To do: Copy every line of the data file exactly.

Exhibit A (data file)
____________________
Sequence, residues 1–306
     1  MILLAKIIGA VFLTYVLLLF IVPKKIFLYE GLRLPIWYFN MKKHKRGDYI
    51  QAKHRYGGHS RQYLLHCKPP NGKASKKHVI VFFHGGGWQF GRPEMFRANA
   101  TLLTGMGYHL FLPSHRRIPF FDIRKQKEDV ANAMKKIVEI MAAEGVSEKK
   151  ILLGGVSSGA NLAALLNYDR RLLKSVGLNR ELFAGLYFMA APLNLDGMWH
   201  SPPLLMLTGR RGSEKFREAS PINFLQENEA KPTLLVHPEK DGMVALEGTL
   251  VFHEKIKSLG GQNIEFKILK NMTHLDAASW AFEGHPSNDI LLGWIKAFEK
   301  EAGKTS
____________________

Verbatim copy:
Sequence, residues 1–306
     1  MILLAKIIGA VFLTYVLLLF IVPKKIFLYE GLRLPIWYFN MKKHKRGDYI
    51  QAKHRYGGHS RQYLLHCKPP NGKASKKHVI VFFHGGGWQF GRPEMFRANA
   101  TLLTGMGYHL FLPSHRRIPF FDIRKQKEDV ANAMKKIVEI MAAEGVSEKK
   151  ILLGGVSSGA NLAALLNYDR RLLKSVGLNR ELFAGLYFMA APLNLDGMWH
   201  SPPLLMLTGR RGSEKFREAS PINFLQENEA KPTLLVHPEK DGMVALEGTL
   251  VFHEKIKSLG GQNIEFKILK NMTHLDAASW AFEGHPSNDI LLGWIKAFEK
   301  EAGKTS